C.W. et al. v. Capistrano Unified School District, 2012 U.S. Dist. LEXIS (C.D. Cal. Dec. 5, 2012)
This case is a cautionary tale in which the Capistrano Unified School District (District) was awarded its attorneys’ fees and litigation costs in defending against a due process hearing and subsequent federal civil lawsuit brought by C.W.’s mother (Mother) on C.W.’s behalf. While this Order does not discuss the particular facts of C.W.’s educational challenges, the issue at the due process hearing was reviewed pursuant to the Individuals with Disabilities Education Act (IDEA). Later, in the federal Court action, the Mother added claims under the Americans with Disabilities Act, Section 504 of the Rehabilitation Act, and 42 U.S.C. § 1983.
Under the IDEA, a District that is a “prevailing party” may seek attorneys’ fees and costs incurred in defending against an IDEA claim if the claim is frivolous, unreasonable, without foundation, or was brought for any improper purpose, such as to harass the District. The Court found that Mother’s claims were frivolous because the Mother sought remedy for a harm actually caused by the Mother, the remedy sought was well beyond any measure of relief C.W. could have obtained, and the legal theories adopted were contrary to the plain language of controlling statute, Ninth Circuit authority, and the record. The Court additionally found that the Mother appealed the decision from the due process hearing for an improper purpose, mainly to “ransom her child’s IDEA appeal in exchange for money to which her non-attorney advocate was not entitled.” The Court found that this event evidenced the purpose of the appeal was not to vindicate C.W.’s rights, but rather to harass and needlessly increase the litigation costs incurred by the District.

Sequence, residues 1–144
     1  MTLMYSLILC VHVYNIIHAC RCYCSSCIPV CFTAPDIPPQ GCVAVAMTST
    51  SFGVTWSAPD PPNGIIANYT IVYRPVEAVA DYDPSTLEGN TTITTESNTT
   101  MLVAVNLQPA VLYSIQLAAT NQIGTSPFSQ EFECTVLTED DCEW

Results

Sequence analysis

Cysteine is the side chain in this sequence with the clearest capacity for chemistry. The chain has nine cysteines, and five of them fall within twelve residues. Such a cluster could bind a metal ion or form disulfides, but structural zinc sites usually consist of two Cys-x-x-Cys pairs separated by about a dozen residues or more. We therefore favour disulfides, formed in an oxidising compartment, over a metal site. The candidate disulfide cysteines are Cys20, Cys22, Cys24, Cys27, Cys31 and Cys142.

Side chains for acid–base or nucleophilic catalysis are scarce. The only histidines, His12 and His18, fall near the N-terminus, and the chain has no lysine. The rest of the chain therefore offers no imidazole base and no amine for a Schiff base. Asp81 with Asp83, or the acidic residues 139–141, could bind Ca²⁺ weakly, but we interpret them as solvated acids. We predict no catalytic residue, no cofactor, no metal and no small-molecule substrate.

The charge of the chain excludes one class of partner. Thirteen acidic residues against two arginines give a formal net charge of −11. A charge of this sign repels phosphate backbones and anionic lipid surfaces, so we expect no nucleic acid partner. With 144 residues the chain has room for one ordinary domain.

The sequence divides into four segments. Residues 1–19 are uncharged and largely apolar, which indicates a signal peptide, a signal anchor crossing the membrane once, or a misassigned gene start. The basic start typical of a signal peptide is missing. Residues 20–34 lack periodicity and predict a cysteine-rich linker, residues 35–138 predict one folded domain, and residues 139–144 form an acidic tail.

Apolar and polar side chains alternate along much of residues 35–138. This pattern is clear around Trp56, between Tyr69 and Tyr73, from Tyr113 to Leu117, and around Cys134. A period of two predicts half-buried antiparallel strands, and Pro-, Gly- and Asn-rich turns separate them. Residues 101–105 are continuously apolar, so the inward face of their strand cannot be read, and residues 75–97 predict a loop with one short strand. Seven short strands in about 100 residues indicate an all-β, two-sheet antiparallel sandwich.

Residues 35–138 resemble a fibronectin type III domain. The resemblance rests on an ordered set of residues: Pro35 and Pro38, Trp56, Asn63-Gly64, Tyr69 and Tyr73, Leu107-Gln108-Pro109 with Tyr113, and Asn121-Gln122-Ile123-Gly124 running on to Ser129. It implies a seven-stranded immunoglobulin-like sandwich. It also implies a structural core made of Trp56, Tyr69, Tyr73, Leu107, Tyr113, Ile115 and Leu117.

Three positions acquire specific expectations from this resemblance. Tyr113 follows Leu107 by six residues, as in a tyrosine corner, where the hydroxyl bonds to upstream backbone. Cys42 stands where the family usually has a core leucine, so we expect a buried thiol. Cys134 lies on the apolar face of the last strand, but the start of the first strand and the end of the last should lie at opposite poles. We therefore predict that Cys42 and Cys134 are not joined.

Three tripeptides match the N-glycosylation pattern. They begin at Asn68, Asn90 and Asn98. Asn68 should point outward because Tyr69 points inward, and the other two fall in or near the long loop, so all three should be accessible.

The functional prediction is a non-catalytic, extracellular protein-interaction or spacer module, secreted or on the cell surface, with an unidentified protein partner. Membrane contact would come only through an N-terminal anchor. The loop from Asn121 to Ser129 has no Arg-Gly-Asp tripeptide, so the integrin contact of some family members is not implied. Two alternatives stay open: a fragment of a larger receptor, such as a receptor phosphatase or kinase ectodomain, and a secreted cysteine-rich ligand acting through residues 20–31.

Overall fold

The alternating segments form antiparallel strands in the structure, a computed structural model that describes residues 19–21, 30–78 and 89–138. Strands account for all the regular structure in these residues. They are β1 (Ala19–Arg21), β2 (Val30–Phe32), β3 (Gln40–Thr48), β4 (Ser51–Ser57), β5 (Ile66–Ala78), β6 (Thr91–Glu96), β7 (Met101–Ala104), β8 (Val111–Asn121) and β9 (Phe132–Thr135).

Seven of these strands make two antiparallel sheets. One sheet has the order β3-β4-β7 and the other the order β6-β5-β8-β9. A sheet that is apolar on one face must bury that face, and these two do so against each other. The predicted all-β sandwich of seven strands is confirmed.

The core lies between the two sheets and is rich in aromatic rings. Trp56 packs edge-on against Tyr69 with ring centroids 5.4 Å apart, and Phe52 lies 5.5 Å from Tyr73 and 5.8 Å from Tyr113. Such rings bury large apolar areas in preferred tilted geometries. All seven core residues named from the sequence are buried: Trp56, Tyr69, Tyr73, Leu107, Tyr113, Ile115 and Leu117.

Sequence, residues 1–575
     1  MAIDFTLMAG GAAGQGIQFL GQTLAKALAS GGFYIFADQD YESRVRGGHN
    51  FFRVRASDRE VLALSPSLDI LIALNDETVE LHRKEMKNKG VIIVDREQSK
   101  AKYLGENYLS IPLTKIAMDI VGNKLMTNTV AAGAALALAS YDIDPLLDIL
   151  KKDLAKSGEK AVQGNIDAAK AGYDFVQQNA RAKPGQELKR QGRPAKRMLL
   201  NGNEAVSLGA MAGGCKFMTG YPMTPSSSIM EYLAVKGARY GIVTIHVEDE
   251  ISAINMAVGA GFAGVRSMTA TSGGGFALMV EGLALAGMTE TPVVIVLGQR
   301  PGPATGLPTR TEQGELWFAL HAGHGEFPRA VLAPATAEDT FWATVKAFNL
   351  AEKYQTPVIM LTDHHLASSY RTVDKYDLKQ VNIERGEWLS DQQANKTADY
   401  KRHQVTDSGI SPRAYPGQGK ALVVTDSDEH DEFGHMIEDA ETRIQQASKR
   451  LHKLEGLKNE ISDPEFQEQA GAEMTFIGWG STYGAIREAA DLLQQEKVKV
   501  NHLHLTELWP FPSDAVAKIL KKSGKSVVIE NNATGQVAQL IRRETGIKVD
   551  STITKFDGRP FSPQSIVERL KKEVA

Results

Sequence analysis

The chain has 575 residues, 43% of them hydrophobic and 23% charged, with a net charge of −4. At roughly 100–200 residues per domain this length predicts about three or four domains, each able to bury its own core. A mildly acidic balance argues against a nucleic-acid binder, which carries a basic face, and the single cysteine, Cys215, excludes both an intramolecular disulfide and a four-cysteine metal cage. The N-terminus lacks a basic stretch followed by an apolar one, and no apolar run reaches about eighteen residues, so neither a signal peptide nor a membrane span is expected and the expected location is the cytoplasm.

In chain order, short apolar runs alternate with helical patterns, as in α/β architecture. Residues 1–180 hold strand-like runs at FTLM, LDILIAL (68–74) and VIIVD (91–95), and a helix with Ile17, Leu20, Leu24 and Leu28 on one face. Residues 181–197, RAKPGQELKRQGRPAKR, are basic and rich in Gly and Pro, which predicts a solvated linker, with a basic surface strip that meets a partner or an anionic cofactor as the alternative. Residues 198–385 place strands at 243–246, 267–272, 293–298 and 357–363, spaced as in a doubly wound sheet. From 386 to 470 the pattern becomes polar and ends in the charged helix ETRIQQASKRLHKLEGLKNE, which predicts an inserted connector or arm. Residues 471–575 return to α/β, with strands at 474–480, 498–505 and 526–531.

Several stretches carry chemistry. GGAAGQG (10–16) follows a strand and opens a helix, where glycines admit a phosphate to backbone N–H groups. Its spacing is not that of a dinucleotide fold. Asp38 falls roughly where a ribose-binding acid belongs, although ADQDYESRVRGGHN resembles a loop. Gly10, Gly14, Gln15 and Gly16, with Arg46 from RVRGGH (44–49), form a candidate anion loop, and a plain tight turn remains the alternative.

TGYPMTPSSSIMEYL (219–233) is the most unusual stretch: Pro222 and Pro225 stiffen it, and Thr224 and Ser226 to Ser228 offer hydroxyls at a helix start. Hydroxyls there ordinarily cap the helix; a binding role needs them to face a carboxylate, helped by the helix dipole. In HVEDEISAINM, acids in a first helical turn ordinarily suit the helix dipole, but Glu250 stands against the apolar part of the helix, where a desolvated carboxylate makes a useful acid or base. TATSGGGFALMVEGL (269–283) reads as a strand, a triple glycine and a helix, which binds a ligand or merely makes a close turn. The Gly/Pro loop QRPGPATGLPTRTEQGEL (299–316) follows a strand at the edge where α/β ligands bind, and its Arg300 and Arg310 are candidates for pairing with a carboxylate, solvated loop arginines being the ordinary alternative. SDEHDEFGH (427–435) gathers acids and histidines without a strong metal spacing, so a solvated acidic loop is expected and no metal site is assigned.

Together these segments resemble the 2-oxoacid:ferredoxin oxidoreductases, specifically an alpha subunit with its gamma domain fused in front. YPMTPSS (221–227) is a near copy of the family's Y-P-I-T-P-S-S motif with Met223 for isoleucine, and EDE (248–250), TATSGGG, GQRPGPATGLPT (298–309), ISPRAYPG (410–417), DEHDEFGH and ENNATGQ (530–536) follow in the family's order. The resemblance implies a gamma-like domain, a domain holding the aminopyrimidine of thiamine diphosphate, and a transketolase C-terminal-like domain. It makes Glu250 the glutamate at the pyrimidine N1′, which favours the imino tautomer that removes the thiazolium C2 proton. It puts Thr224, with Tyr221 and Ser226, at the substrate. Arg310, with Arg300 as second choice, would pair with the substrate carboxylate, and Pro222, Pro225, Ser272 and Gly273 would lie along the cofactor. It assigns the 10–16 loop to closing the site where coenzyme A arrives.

After determining the reasonableness of the hours spent by the District’s attorneys on this case, the reasonableness of the hourly rate charge by those attorneys, and the reasonableness of the District’s litigation costs (copies, filing fees, etc.) the Court awarded the District $94,602.34 in attorneys’ fees and $2,058.21 in costs. This fee and cost award was inclusive of time spent for the due process hearing, the federal lawsuit, and the fees and costs incurred by the District to seek fees and costs.